Pharmacists are being encouraged to talk to patients about medicines misuse this week
Pharmacists are often the first people to notice when a person is using their medicines incorrectly, says Dr Lynn Weekes, CEO of NPS MedicineWise.
This week is Be MedicineWise Week (21-27 August) and NPS MedicineWise has marked the occasion by releasing figures which show many Australians are misusing their medicines, focusing on codeine-containing painkillers and cold and flu medicines.
“Pharmacists are in a really good spot to notice if people are taking higher or lower doses than they should be, taking medicines too often or not often enough,” Dr Weekes told the AJP.
“They can be that first point of intervention, to say, ‘are you okay? What can we do to make sure you get the best benefit from your medicines?’
“And I really think that pharmacists do that as their job all the time, and that’s particularly for OTC products as well, as they’re very aware of people who are coming in more often than appropriate for, say, painkillers.”
NPS MedicineWise is communicating with consumers this week about ways they are possibly misusing medicines, including:
- taking medicines at the wrong time, or at the wrong dose;
- taking medicines in unsafe ways such as opening capsules or cutting patches;
- sharing medicines with family or friends;
- mixing medicines leading to incorrect dosing or side effects; and
- taking medicines with other substances like illegal drugs or alcohol.
Be Medicinewise Week will also raise awareness about how easily dependency on pain and sleep medications can develop, and remind people about the safe use of preparations containing codeine.
NPS’ new survey, conducted by Galaxy Omnibus and including 1000 participants, showed that more than two million Australians (12%) had exceeded the recommended daily dose of widely-used medicines such as paracetamol/codeine, ibuprofen/codeine and Codral Cold and Flu tablets.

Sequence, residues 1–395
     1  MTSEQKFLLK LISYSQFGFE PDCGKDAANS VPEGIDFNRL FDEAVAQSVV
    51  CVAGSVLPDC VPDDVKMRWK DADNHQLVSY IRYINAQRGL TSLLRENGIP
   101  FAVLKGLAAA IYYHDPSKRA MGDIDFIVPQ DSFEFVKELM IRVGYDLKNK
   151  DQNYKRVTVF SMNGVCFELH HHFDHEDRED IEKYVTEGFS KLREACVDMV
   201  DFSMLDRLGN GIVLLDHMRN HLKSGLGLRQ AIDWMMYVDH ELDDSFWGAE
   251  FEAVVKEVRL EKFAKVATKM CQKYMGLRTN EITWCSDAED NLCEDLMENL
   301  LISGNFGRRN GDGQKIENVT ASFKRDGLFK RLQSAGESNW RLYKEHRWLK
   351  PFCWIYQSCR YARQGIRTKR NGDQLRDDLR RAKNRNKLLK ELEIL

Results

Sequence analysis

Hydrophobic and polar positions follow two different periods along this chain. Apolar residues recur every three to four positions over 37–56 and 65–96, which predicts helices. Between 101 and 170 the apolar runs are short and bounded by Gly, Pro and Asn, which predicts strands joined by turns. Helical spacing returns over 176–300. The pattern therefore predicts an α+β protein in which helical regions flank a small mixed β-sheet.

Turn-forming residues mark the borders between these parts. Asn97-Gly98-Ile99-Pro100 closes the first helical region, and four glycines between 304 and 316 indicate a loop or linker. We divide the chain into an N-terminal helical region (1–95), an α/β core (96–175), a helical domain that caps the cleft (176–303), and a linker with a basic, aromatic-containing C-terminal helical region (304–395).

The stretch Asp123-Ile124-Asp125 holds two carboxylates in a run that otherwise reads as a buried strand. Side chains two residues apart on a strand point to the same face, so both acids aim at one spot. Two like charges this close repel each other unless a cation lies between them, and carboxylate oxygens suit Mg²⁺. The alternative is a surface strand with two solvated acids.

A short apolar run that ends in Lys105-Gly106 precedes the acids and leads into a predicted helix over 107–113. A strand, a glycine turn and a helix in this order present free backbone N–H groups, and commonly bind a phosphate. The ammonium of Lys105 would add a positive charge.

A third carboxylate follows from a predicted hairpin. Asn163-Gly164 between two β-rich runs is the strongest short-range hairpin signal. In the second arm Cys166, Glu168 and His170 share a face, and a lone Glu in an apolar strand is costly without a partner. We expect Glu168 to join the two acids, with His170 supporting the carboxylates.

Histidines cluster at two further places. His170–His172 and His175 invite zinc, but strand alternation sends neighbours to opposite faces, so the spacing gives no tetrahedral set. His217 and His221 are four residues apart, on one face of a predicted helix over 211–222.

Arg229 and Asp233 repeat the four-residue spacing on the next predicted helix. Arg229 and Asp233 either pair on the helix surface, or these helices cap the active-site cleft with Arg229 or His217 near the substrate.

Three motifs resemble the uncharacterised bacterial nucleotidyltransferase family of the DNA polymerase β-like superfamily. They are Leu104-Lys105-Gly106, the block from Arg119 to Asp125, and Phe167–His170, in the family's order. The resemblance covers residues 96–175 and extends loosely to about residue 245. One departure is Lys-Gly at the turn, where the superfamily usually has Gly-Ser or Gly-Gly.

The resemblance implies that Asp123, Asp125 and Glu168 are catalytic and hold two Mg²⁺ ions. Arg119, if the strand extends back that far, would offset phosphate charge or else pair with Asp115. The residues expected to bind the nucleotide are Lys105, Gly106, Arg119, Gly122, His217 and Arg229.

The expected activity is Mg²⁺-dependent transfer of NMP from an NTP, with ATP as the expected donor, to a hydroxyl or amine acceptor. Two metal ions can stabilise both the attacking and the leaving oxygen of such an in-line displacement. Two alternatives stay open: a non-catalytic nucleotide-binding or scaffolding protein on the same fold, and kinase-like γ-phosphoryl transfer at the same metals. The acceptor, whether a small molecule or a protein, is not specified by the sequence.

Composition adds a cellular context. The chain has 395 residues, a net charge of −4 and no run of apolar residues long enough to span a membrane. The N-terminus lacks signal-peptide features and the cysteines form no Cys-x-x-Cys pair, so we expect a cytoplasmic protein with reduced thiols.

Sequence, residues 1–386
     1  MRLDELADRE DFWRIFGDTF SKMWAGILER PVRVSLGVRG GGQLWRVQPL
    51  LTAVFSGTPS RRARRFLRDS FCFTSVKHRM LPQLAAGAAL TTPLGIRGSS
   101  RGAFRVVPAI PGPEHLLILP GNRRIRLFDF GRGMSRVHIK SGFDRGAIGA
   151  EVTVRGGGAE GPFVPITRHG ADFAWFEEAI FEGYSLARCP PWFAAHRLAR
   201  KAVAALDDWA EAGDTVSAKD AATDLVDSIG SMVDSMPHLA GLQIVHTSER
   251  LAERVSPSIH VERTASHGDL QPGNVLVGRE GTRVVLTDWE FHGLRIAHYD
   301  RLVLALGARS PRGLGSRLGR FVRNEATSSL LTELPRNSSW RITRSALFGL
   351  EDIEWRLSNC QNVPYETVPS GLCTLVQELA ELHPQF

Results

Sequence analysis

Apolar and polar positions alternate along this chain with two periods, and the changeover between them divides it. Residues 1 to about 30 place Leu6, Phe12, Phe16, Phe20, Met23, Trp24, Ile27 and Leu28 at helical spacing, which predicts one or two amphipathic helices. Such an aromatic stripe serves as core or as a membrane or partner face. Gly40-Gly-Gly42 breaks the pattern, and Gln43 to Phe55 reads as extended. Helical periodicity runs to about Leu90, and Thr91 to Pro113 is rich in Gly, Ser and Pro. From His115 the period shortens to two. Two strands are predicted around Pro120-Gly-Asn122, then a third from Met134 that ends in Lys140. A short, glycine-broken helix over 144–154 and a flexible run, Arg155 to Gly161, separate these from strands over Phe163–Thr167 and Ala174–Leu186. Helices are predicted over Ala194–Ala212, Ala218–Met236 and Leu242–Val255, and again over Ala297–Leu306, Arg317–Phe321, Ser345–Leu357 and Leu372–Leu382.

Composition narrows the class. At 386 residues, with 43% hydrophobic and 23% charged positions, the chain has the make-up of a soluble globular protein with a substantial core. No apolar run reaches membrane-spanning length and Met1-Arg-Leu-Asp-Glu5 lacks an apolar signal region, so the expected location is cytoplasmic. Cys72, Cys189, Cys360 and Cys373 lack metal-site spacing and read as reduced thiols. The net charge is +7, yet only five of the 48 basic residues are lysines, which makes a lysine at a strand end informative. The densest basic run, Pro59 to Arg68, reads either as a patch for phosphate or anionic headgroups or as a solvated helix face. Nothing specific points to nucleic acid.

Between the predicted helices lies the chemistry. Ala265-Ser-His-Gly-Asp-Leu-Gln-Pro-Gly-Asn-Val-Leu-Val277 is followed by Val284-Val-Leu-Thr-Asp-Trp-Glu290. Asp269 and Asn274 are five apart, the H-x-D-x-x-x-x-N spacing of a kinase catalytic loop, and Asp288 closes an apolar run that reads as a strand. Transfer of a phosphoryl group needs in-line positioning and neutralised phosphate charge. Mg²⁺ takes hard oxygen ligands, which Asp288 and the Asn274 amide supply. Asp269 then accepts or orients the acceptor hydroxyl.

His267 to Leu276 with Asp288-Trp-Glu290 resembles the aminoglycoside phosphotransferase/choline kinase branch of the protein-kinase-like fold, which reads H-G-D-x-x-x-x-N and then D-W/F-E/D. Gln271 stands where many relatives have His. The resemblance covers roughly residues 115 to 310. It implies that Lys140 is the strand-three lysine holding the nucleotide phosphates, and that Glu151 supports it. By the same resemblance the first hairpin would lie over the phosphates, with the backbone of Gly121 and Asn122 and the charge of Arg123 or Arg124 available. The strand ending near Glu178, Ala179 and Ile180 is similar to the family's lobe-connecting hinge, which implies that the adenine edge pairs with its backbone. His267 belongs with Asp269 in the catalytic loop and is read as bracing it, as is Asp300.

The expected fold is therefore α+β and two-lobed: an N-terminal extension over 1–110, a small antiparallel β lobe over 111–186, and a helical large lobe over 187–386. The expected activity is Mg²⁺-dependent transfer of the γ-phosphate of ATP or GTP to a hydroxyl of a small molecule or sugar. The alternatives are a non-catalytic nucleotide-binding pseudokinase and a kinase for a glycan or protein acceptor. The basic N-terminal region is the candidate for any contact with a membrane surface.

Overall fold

Almost one in three had consumed alcohol soon after taking prescription pain relief, and 27% had used someone else’s prescription medicine or given their own to a family member.
“This is a really good week to be talking about the right time to take medication and not taking it with other things that might interact with it – whether that’s alcohol or grapefruit juice or another medicine,” Dr Weekes says.
“One great role for pharmacists is helping people understand when they can break or crush tablets, that they shouldn’t cut patches to get half the dose.
“These are pharmacists might take for granted, but consumers don’t know what could happen if they crush a slow-release OTC preparation and that they may not work as intended, or that if they cut a patch, the membrane being cut may mean they’re not getting the dose they should.
“I’d like to ask them to work with us on this to raise awareness among the public, and congratulate them on the great job that they always do.”